We talk about character a lot in criminal law, but mostly in the context of ‘bad character,’ or prior convictions that the prosecution will try to use to persuade a jury of the defendant’s guilt. After all, if he’s done it before, he’s more likely to have done it again, according to the general logic.
However, not every defendant facing a criminal trial has a criminal record, and in those cases, the question of ‘good character’ emerges.
Of course, this is the inverse of the prosecution’s argument: he is a man of good character and so less likely to have committed the alleged crime.
It’s actually a lot more complicated than that, and we believe it’s a component of case preparation that’s sometimes disregarded, to the detriment of the defendant.
What is the purpose of establishing good character?
It has long been established that proof of a defendant’s excellent character is acceptable in criminal proceedings.
The courts have agreed that good character evidence may be acceptable in the modern era:
- to bolster the accused’s credibility and
(ii) as relevant to the likelihood of guilt.
How is good character established?
In most circumstances, good character is a matter of fact; if a person has no prior convictions, he or she will be of good character by definition.
However, depending on the nature of any proof presented, a person’s good character status may be revoked, at least in part.
Similarly, even if a person does not start off with good character, he or she may be able to develop it. This is also known as ‘qualified or effective good character.’ A common circumstance is where any prior convictions are either too old or irrelevant to the case at hand, making it unreasonable to consider them.
Consider carefully whether character witnesses should be summoned on your behalf as part of the process of demonstrating good character. These are folks who are familiar with you and will talk good of you.
When it comes to character witnesses, it’s best to look for people who would be extremely believable in the eyes of the court or jury, people who would not lie about a person’s character or attributes simply because they care about that person.
Do I have to do anything?
During case preparation, it is vital that good character or qualifying good character be not disregarded. It is the responsibility of the defence to formally establish good character and ensure that the case is appropriately presented to the court for consideration.
If the defence attorneys do not object to the character directions at trial and/or agree with the judge’s suggested directions, this is a good sign that nothing went wrong. As a result, attempting to correct any error on appeal is unlikely to be successful.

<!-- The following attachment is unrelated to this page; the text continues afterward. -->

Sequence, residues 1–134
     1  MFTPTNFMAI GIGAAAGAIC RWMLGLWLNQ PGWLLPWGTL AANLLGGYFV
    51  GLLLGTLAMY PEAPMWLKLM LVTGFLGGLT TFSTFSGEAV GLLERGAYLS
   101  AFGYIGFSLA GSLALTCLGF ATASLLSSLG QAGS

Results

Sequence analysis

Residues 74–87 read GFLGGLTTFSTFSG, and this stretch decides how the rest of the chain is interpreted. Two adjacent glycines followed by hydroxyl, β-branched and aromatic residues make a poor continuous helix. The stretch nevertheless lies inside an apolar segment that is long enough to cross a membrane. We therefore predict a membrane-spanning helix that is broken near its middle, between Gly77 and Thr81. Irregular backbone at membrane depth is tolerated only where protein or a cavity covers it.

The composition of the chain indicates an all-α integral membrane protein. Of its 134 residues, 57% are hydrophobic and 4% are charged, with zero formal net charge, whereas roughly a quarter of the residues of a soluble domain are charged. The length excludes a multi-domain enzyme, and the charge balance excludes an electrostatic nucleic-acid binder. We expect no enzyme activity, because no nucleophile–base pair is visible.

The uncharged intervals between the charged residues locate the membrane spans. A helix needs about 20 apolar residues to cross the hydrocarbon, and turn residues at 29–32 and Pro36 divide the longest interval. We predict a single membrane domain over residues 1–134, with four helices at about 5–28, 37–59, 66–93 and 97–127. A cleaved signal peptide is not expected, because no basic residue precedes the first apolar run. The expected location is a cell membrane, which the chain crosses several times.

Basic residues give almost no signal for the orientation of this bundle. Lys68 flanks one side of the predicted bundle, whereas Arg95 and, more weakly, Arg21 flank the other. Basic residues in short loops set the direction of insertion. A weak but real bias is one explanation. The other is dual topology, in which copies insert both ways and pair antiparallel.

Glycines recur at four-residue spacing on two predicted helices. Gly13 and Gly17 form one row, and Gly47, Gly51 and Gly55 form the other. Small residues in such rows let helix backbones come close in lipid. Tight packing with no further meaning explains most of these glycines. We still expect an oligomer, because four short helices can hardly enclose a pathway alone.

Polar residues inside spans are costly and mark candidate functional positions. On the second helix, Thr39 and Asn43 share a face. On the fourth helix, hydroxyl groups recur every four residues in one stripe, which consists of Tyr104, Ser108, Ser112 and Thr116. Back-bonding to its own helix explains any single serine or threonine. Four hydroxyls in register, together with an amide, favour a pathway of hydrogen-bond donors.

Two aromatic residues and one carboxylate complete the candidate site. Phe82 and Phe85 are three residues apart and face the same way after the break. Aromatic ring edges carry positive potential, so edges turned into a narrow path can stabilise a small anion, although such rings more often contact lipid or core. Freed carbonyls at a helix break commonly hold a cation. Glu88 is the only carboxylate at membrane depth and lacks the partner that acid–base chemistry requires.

The Court of Appeal has held:
“…as a matter of good practice, if not a rule, defendants should put the court on notice as early as possible that character and character directions are an issue that may need to be resolved. The judge can then decide whether a good character direction would be given and if so the precise terms. This discussion should take place before the evidence is adduced. This has advantages for the court and for the parties: the defence will be better informed before the decision is made whether to adduce the evidence, the Crown can conduct any necessary checks and the judge will have the fullest possible information upon which to rule. The judge should then ensure that the directions given accord precisely with their ruling.”
What is the content of a ‘good character’ direction?
The specific direction to the court or jury will vary depending on the facts of the case, but below is an example of a comprehensive direction:
‘You have heard that the defendant is a man in his middle years with no previous convictions. Good character is not a defence to the charges but it is relevant to your consideration of the case in two ways. First, the defendant has given evidence. His good character is a positive feature of the defendant which you should take into account when considering whether you accept what he told you. Secondly, the fact that the defendant has not offended in the past may make it less likely that he acted as is now alleged against him.
On behalf of the defendant, it has been stated that this is the first time in his life that he has been accused of dishonesty. He is not the type of person who would jeopardise his good reputation in this way. That is something to which you should give special consideration.
However, it is up to you to decide how much weight to give to the defendant’s good character and how much it helps on the circumstances of this case. You may consider all you’ve heard about him while making that judgement.’
In magistrates’ court, the defence attorney should make certain that the court clerk correctly instructed the magistrates on this direction.
How we can assist
At Levy & Co, we believe in proactive defence work, which involves doing everything necessary to establish a solid defence case while also responding to the prosecution’s case. Considerations of character, both good and poor, are only one part of the case preparation process, but it’s an important one.
How can we help?
We ensure we keep up to date with any changes in legislation and case law so that we are always best placed to advise you properly. If you would like to discuss any aspect of your case, please contact our team of criminal defence specialists on: 01376 511819